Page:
Richard Ford. Canada. ©2012 Fifty years later Del Parsons relates what happened to him when he was 15 and growing up in Great Falls Montana in 1960. His father, Bev, was a retired Air Force captain, who was decorated for his service as a bombardier in WW II and never accomplished much of anything after that except to get broken down to Lieutenant and asked to retire after running a scam to sell the officers’ club sides of beef that had been rustled and slaughtered by local Indians. His next great idea was to sell rustled beef to a porter responsible for a dining car on the Union Pacific. When the porter refused to buy some beef that he said had gone bad, Bev was unable to pay the Indians, and they threatened him and his family. Bev persuaded his wife to help him rob a bank over in South Dakota to get the money to pay off the Indians and some for themselves. They got caught, of course. Del saw them once in the Great Falls jail and never saw them again. His mother’s friend arranged for him to live with her brother, Arthur Remlinger, in Saskatchewan, because otherwise he would have been detained in an orphanage for wayward youth until he was 18. Remlinger ran a hotel and a goose hunting operation in a town next to nowhere and had a reason for being in such a remote place. In about 1943 he had to leave Harvard in his third year, partly because of his anarchist views. One of the organizations to which he belonged asked him to plant a bomb at a union office in Detroit. No one was supposed to be there when he bomb went off. That never works out, and the union head was killed. So Remlinger was in Canada. A couple of months after Del arrives in the fall of 1960 two suits from Detroit arrive to “talk to” Remlinger. Del is just outside when Remlinger shoots them both and then has to help him and a couple of his workmen to bury the bodies. The story is rather sordid but well told. What it’s really about is how Del handles what happens to him and around him and how it totally changes his life. It’s his coming of age story told decades later, a device that Ford used in at least one earlier novel. Del stays in Canada and becomes a high school teacher, happily married and seemingly happy with his decision to stay in Canada. May 2013
John Hodgman. More Information Than You Require. ©2008 The title is entirely accurate. Hodgman is a funny man and this is a funny book, but as we Pennsylvania Dutch say “Too much is enough.” I quit – with some regret – about a third of the way through. It’s a series of performances involving false “true facts,” scads of misinformation and, if there is such a word, “misanalysis” and a song here and there. One concern I had was that some of his “true facts” might burrow their way into my memory to a point where I couldn’t say they weren’t true when they popped out again. Some of the stuff is really insidious along with being very funny.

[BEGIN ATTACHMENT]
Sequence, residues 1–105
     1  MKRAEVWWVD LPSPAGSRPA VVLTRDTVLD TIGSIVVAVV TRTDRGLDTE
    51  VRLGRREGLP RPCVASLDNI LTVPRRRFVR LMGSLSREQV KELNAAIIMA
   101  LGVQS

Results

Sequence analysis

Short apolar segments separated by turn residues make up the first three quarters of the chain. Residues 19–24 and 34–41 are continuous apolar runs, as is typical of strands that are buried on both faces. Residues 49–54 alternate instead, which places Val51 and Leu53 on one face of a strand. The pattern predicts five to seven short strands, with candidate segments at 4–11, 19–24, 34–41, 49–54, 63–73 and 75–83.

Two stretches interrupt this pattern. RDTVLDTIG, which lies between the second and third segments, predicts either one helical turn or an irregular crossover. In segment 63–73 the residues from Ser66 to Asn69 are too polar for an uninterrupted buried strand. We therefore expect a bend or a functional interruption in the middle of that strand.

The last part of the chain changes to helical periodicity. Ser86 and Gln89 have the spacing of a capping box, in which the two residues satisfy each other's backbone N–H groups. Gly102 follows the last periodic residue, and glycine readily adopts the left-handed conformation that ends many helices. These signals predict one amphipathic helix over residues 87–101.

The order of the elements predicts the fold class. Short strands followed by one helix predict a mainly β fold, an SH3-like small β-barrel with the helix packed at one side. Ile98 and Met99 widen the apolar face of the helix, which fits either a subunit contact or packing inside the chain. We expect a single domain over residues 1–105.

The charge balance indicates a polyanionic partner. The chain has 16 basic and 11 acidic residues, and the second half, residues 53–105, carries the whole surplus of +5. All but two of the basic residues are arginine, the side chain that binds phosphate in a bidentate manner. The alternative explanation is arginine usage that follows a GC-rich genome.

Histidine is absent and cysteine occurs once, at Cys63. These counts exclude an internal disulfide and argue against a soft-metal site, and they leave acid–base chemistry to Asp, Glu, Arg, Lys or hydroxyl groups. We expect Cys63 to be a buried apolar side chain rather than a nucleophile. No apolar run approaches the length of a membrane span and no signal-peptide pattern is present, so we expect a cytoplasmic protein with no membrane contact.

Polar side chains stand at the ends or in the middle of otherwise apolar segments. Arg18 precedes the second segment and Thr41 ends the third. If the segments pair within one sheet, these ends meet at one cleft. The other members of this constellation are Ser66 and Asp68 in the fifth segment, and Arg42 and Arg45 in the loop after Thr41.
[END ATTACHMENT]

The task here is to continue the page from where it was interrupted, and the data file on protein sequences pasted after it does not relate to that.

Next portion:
Steven Pinker. The Better Angels of Our Nature. ©2011 I don’t know what possessed me when I took on a book that ran to 30 CDs, but I’m glad I did. After the first 15, I was wondering what more Pinker could tell me. The answer was “plenty.” The book is too long to summarize effectively; I took notes as I went along, but they don’t seem very helpful. So here is the brief summary of the core idea. Man started violent but violence has continually declined as civilizing institutions evolved -- government and commerce -- and particularly so since the Enlightenment. Empathy, self control and a moral sense have been important but the most important factor has been reason. Pinker goes through every kind of violence you could imagine from warfare and torture to violence against women and children to exposure of newborns and uses the many studies of these phenomena to demonstrate how violence decreased as reason and rational institutions developed. There are lots of anecdotes along the way. One of my favorites was that protection of children from violence began in NYC after the city’s experience with the SPCA. He has a lot to say about I.Q. I remember when everyone was reading and discoursing on The Bell Curve. My daughter left her copy behind when she moved on, but I never picked it up. It sits on a shelf, upside down, which is probably appropriate. The bell curve of measured intelligence comes up in Pinker’s discussion of the “Flynn Effect.” It seems the keepers of I.Q. tests have to add about 3.5 points every decade to keep the average at 100. An I.Q. of 100 in 1910 would measure about 70 today and an I.Q. of 100 today would be equivalent to 130 in 1910. Are we actually smarter than our grandparents and great grandparents? Maybe so. The change in handling of answers from decade to decade doesn’t happen in questions that test math and language, but in questions that test abstract reasoning. Our apparent gains in intelligence have not raised scores on tests like the SATs. I didn’t notice whether Pinker described results for tests of abstract reasoning other than those within standard I.Q. tests. I hope I will soon see a study of the results over time for part three of the GRE (Graduate Record Exam), which tests reasoning and problem solving and would seem to be testing the kind of development that has caused the Flynn Effect. Pinker distinguishes between 1910 and the present by suggesting it is the difference between pre-scientific and post scientific reasoning and points out a major difference between then and now. We routinely use terms like percentage, rates of change, correlation, causation, post hoc, representative sample, statistical control group, placebo, empirical, median, circular argument, cost benefit analysis, false positive, trade off and so on. If you tried these in 1910 your listener might think you were speaking a foreign language. Another contributor to our shift to more abstract thinking is simply reading, where we deal with symbols instead of things. It’s fortunate that no conservative will ever read this review, because I have to note that Pinker concludes that people with higher I.Q.s tend to be liberal – he quotes a study that found that people who said they were very conservative had an average I.Q. of 94.8 (and that was without Michelle Bachman to skew the results) and those who said they were very liberal averaged 106.4. He goes on to say that higher I.Q.s seem to correlate with classical liberalism and with less tendency toward aggression and war. Finally, nostalgia for the past is wrong-headed. The “good old days” were horrible.